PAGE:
SIR:--The communication of Judge Caldwell, entirely voluntary on his part, has been kindly shown me by yourself before publication. So far as it details the conversation between him and myself I cheerfully assent to the correctness of it. It is the substance of what I have said privately to many friends of all parties. Nay, more; I have gone so much further than this as to say that if our people were wise they would, in the matter of negro education, negro advancement, etc., take the entire control of this subject themselves, and use this new element of free negroism, with whatever powers might attach to it for their own protection, instead of permitting it to fall into the hands of their enemies for their own basement. These private opinions of mine are now no concern of the public, and I do not propose to elaborate them, being content as I have frequently said to retire entirely from public observation.
A word or two as to the conversation between myself and Judge Caldwell. It has been known to my friends for two years that I was desirous of disposing of the Telegraph, and embracing another occupation. During the last year of the war I was deterred from making proposals to sell from a fear that my doing so would be construed into an abandonment of the cause of the Confederacy, a cause in which my whole existence had been bound up. On the failure of that cause and with it the erasure from the United States Constitution of the principles for which I had so long contended, I felt that I had no politics left, and nothing to do with them, further than to labor for the reconstruction of public affairs, and so shaped the course of the Telegraph.
During my Northern tour I met and conversed with representative men of all classes and sought to inform myself of the temper of the people there. All the information I could glean confirmed me in these ideas.
During my absence I also learned that among the most fixed purposes of those who having been on the other side of the war, had now returned to the State clothed with power, was the overthrow of the Telegraph, and the ruin of myself. On my return I learned that threats of this character had been freely indulged in, and that the strongest efforts had been made to induce the military authorities to take forcible possession of the office. On reaching New Orleans, I was met by letters from my friends, urging me to hurry home, or I should be too late to save the Telegraph. I hurried on to Galveston, and lost no time in calling upon Gen. Kent, then Provost Marshal General, who told me he had only detained the order for suppression until I reacheded [sic] home, that the course the Telegraph was pursuing could not be allowed. I went to Gen. Wright, the commander of the Department, and learned substantialy [sic] the same thing from him. On reaching Houston, I saw Gen. Mower, and he repeated in substance the same threats. Under the influence of these thoughts I sought at once to dispose of my office, and believing it would be impossible for a secessionist to carry it on with the permission of the authorities, I sought an interview with Judge Caldwell with the proposition he refers to.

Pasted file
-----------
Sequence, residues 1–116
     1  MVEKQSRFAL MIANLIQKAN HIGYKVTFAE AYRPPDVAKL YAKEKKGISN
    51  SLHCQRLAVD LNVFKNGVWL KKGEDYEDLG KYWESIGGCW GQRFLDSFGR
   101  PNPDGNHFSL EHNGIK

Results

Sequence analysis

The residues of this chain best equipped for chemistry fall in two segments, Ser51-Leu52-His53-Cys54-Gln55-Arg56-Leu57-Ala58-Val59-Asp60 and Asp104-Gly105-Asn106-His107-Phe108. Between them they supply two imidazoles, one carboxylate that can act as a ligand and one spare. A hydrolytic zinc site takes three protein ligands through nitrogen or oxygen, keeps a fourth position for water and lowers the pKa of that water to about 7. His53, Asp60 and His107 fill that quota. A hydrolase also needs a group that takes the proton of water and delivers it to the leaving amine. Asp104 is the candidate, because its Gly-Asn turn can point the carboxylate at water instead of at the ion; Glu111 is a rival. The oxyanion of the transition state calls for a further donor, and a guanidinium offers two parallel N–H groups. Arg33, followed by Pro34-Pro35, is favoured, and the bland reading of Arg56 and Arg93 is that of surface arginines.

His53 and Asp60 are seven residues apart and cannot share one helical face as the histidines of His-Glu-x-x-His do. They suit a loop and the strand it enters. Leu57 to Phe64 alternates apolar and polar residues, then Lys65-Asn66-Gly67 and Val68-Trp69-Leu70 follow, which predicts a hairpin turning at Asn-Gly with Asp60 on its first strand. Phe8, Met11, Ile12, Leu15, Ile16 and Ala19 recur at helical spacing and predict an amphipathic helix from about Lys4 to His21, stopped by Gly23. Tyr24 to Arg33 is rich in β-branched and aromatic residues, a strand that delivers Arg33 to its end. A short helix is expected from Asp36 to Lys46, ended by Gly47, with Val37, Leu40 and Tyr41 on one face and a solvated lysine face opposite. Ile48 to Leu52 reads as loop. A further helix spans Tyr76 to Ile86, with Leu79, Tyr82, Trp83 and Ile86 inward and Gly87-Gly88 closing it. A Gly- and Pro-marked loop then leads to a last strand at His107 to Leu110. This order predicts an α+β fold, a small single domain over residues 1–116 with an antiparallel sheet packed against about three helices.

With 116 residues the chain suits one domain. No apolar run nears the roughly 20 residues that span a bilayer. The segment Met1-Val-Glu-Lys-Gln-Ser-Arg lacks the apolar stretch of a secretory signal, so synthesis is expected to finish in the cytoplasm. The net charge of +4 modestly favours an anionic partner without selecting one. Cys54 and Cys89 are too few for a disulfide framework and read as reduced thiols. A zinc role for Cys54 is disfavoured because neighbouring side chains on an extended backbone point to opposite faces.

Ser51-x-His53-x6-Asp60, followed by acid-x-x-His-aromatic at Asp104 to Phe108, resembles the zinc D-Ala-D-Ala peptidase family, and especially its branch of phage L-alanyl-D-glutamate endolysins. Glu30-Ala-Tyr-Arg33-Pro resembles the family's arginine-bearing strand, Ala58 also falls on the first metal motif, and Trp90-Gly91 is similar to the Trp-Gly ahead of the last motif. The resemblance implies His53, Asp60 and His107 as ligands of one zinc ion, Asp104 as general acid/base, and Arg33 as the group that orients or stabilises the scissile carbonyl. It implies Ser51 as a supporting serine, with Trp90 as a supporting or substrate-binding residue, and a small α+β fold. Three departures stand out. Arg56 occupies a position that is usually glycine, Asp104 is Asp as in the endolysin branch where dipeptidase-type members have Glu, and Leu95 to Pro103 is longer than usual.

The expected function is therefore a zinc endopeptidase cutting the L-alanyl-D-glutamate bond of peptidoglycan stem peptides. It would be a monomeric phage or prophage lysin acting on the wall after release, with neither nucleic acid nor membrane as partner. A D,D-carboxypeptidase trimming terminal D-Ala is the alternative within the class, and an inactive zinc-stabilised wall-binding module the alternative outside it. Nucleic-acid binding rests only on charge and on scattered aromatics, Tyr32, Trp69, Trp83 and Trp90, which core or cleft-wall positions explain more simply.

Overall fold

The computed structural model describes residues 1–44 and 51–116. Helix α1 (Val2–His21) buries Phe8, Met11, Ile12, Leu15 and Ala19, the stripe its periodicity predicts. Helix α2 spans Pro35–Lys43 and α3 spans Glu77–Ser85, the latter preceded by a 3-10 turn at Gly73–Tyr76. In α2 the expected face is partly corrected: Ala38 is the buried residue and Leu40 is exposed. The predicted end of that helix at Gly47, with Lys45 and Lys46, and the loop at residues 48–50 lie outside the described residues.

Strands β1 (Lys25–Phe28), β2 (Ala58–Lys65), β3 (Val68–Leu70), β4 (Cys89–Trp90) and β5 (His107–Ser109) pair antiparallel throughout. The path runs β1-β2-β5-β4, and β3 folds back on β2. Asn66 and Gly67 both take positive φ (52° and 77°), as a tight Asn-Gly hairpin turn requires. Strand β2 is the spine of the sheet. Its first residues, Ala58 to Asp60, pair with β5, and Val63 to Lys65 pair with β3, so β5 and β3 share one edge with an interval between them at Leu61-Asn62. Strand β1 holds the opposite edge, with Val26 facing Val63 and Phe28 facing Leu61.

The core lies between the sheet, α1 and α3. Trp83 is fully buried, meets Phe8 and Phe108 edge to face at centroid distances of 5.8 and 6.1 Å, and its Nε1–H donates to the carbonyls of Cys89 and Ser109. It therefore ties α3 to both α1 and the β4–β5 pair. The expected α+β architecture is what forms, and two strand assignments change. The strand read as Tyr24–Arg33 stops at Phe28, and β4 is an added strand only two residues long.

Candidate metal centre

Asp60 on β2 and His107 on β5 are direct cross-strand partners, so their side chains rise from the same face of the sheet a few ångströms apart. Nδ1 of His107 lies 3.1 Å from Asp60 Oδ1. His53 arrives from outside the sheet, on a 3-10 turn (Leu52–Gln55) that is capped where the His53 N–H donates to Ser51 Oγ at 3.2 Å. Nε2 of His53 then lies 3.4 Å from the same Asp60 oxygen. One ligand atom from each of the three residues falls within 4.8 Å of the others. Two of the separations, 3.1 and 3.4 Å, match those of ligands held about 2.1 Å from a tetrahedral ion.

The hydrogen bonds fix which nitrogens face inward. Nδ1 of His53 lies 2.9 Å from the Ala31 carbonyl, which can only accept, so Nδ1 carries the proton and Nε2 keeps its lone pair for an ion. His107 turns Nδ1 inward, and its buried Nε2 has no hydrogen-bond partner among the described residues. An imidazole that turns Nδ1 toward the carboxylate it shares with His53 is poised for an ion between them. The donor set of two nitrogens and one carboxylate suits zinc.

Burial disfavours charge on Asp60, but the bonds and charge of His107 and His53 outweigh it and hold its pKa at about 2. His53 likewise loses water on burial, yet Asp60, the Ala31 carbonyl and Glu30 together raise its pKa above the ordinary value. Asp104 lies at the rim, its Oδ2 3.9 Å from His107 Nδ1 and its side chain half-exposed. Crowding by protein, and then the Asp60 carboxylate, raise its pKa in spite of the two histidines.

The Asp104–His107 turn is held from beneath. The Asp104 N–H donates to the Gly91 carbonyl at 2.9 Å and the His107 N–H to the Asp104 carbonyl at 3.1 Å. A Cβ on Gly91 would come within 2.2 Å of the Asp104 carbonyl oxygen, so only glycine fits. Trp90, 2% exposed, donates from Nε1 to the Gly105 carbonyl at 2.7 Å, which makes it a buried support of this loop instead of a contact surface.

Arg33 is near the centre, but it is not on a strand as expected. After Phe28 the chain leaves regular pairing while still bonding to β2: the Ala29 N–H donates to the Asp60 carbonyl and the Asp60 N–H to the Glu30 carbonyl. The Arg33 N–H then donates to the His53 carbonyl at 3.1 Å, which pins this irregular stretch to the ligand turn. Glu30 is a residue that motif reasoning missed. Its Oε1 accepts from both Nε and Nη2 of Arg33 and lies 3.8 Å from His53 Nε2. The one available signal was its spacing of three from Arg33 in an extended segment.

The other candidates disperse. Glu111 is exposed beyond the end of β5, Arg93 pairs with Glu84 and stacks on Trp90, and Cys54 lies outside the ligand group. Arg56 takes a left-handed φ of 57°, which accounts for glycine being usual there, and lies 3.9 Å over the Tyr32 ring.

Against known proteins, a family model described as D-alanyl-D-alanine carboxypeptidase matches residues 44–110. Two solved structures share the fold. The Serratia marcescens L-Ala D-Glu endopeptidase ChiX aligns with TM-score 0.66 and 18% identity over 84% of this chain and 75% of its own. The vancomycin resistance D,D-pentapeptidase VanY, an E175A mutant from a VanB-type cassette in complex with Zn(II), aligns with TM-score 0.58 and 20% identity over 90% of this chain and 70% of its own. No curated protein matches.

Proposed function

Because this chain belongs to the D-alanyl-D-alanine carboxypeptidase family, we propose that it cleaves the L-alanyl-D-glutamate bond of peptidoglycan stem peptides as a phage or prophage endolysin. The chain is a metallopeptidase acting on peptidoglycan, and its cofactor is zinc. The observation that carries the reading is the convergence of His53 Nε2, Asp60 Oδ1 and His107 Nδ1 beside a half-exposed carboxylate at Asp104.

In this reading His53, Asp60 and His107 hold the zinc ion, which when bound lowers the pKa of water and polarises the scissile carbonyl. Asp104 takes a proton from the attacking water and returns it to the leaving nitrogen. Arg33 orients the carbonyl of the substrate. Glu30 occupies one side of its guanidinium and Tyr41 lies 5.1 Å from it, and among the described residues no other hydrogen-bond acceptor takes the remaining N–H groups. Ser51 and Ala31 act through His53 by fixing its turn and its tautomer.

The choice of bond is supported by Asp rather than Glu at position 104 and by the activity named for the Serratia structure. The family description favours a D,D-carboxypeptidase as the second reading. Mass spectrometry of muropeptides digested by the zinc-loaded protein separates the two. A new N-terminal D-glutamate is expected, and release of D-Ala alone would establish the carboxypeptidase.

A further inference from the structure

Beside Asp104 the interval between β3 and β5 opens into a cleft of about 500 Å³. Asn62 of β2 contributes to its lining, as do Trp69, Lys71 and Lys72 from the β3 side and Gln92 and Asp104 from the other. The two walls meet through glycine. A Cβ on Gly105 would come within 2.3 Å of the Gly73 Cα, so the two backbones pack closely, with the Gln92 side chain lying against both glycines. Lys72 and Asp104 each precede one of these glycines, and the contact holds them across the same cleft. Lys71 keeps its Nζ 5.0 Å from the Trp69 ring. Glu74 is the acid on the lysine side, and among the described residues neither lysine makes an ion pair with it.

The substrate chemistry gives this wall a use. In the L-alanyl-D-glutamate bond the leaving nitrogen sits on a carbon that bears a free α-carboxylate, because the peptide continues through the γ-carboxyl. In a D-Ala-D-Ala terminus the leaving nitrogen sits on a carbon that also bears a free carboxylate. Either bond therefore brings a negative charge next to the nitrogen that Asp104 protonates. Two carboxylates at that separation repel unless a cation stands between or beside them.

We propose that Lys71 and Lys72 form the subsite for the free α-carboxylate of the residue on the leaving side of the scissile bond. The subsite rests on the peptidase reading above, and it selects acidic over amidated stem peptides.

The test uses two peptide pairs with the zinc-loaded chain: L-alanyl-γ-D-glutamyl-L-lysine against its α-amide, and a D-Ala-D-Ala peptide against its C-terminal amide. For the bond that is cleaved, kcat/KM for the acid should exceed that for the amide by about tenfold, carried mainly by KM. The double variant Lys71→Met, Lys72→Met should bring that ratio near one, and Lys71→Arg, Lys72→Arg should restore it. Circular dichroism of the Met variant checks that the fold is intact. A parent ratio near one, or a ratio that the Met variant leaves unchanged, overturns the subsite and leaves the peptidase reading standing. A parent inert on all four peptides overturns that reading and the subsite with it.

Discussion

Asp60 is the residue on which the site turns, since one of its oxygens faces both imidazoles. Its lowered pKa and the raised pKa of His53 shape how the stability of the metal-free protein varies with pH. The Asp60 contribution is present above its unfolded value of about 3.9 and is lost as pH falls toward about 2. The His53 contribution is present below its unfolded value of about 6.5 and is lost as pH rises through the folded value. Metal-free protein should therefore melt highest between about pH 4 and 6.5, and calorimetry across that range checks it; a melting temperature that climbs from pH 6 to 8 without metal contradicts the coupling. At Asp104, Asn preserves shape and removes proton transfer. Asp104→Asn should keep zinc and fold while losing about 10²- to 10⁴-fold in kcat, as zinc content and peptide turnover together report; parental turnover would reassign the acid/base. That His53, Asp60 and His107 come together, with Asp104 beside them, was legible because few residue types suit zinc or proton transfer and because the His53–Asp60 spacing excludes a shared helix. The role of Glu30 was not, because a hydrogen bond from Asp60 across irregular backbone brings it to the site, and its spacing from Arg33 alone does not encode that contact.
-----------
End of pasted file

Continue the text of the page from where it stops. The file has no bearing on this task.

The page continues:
It may be asked why I have not made my views regarding negro suffrage more prominent. I answer for the reason that I did not desire to take the responsibility of doing so, especially as I was and am yet not firmly fixed in those views. A person may talk crudely with a friend, but when it comes to talking to and inducing fifty or a hundred thousand people, he is obliged if conscientious to weigh his words.
I have thought it due to Judge Caldwell's statement this much. I now dismiss the matter from further consideration.
I am very respectfully, yours,
E. H. CUSHING.
Houston, May 1st, 1866.
It will be seen that the communication we copy from the Telegraph entirely exonerates Mr. Cushing from the charge made by Flake's Bulletin. Mr. Cushing's article speaks for itself. Our views upon negro suffrage and all other matters in this controversy, have been too freely expressed heretofore to require any comments from us now.
The efforts to overthrow the institution of slavery as guaranteed in the Constitution, date back to our earliest recollection, and we have persistently warned the country against them in our journal for near 25 years. Those efforts have at last triumphed, in spite of all constitutional guarantees, and perhaps the present efforts to secure negro suffrage may also triumph, but they will not by any abandonment of duty on our part. We shall never consent to give to negroes privileges not allowed to intelligent foreigners who make our country their adopted home.